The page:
Mixed signals were sent and some-times you have to go with your gut feeling. “Don’t worry about Bronx bus Bx14. We’ve got time…” And before long, a MTA public hearing was upon us. Many of you signed petitions from Councilman James Vacca’s office, while others have answered the letter and petition from Senator Jeff Klein. In the end, all expressions of concern were delivered to the MTA board. While they will be noted as public response, their impact on MTA’s decision regarding the future of Bx14 remains to be seen. Many of you felt that the decision was a “done deal” from the start so why make the effort. At the March 3 public hearing, Councilman Vacca made a valiant effort to show his concern and questioned the proposed bus changes. Senator Klein’s message was strongly worded, and effectively delivered by district manager of Senate District 34, John Doyle, while the senator was committed to a session in Albany. Also vocal was Assemblyman Michael Benedetto, whose message was read to the board. Al three pledged to the MTA, and to us, to work together with the MTA Board to find a better way than the bus changes the board had proposed. The Borough president spoke against the proposals, especially the elimination of our Bx14, as did district manager of Community Board 10, KennethKearns. There were other voices of support for us throughout the evening from residents of Throggs Neck and Pelham Bay. We know their concerns and pledges were not just hollow words.
It was almost 10 p.m. when I was called to testify. Well over one hour was granted to the testimony of students concerned about loosing their bus cards. They spoke well, and in our borough and in our city, they are our future. But for those of us who had pre-registered on line to speak, the wait was exhausting. After almost four hours of wait, I rose to speak. “If it ain’t broke, don’t fix it.” A strong voice in the audience shouted, “Go get ‘em, Mama,” and using their own printed statistics as my guide, I continued. As I quoted the increase in Bx14’s ridership, chairman Walder grabbed the hefty MTA report of their data and scrambled to find that statistic. (Mr. chairman, it is on page VII).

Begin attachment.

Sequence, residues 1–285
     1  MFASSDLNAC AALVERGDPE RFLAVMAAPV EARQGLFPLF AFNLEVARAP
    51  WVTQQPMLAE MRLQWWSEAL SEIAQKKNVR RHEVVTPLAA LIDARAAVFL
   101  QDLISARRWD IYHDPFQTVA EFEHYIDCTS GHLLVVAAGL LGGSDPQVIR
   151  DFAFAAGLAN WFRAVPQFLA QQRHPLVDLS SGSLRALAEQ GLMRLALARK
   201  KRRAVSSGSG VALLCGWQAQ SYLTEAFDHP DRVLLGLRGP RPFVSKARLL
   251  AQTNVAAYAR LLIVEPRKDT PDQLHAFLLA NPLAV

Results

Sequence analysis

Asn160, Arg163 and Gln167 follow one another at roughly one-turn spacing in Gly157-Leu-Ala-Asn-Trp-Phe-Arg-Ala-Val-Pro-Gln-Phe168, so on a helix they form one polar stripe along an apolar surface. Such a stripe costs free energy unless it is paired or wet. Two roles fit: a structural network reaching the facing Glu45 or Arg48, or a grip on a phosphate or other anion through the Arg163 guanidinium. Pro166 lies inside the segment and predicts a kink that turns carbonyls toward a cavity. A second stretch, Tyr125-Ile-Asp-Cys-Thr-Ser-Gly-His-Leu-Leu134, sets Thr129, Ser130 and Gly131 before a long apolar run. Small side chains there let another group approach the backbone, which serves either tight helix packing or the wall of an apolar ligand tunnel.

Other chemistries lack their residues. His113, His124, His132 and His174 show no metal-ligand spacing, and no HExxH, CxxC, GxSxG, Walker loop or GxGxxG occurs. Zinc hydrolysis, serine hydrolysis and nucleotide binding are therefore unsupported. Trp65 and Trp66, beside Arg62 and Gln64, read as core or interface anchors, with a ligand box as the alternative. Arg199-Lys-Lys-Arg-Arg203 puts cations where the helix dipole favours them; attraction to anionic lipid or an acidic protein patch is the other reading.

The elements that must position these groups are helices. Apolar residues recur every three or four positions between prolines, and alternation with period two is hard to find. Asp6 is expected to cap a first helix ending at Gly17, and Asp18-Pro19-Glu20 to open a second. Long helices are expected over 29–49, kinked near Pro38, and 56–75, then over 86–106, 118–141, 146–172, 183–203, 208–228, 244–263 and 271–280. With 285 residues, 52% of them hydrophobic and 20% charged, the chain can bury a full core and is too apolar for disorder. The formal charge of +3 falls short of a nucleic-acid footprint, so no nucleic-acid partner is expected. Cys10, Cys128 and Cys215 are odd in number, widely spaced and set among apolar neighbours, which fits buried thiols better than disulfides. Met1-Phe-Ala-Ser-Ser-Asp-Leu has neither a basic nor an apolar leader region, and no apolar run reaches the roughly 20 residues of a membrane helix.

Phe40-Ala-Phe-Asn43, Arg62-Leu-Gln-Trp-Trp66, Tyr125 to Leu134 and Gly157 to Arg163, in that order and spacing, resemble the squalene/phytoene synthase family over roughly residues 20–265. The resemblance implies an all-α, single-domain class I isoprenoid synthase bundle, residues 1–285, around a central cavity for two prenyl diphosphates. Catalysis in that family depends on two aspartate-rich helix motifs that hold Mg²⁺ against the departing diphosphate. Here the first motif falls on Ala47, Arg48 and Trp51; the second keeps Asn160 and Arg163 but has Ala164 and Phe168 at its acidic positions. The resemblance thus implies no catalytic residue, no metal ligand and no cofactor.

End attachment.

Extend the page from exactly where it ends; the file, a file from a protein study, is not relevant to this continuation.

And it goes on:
MTA will vote on March 24, at MTA headquarters on the proposed changes. The public is permitted, but limited space will force most of the frustrated riders to protest the changes from the sidewalk area on Madison Avenue.
My statement to the MTA Board on March 3, was as follows:
There’s a quote in the 1977 issue of the magazine Nation’s Business attributed to American businessman Bert Lance: “If it ain’t broke, don’t fix it.” According to your figures, Bx14 has had an increase in ridership in the past three years. Bx14 is needed and it is not broken. To leave a community with the threat of no public bus service is unconscionable. You thought there was a need; you think that Bx14 is broken. What you came up with was the elimination of Bx14 as we know it, the re-routing of the Bx8, and the re-routing of Bx5. You want to break it. Your new bus route proposals “break it.”
Getting to Pelham Bay station where numerous bus connections are currently possible will be a challenge even for GPS. Take the Bx8 to Westchester Avenue and Middletown Road, get a transfer to the northbound new Bx5, and upon arrival at Pelham Bay station, in order to take the Bx12 across Pelham Parkway or to the Fordham Road stores, the rider must pay a second fare. To reach shopping at the anchor store JCPenny’s at Bay Plaza, a second fare will also be required. The communities of Country Club and Spencer Estate are home to many seniors who shop with, and only with, the local bus. And our trip to the Botanical Garden will be severely limited due to the additional tariff of a double fare.
Our merchants in Pelham Bay, in Throggs Neck and in Westchester Square have worked diligently to bring the quality of our local shopping district up to a level where it would entice the taxpayer to shop locally. But their success and even their future is dependent on the bus routes. Time-tables can be tweaked, we all understand the need for you to do that, but with the propose re-routing, some of our people will have an eight-block walk to reach a bus, because of the re-routing of the Bx8 and of the Bx5 if the bus even goes in the needed direction. Those walks will be under harsh conditions without store awnings and doorways to jump under and into to escape the rain and wind.
So, let’s not hear MTA say to this group of taxpayers, “take a hike.” Let’s go back and re-examine your proposed route changes. Yogi Berra was famous for his Yogi-isms: “It ain’t over ‘till it’s over.” I believe the route changes need further consideration. Let’s keep the existing communities viable and accessible to basic transportation needs. The present proposal changes would lower the quality of life. The present proposals are not a “fix-it” of anything. The present proposals are a “break-it.”
Maybe today, and in the future, we all need to hear a voice in the background to make us stand tall, and resolute and speak up for our concerns and convictions. “Go get ‘em, mama!” It’s time to stop playing stickball, and start playing hardball!
We hoe you will join us at the end of the month, Wednesday, March 31, for our March meeting, to be held at the Villa Maria Academy, 3335 Country Club Road, at 7:30 p.m.
Take pride in your community. Your home extends beyond your property lien. We’ll talk again soon.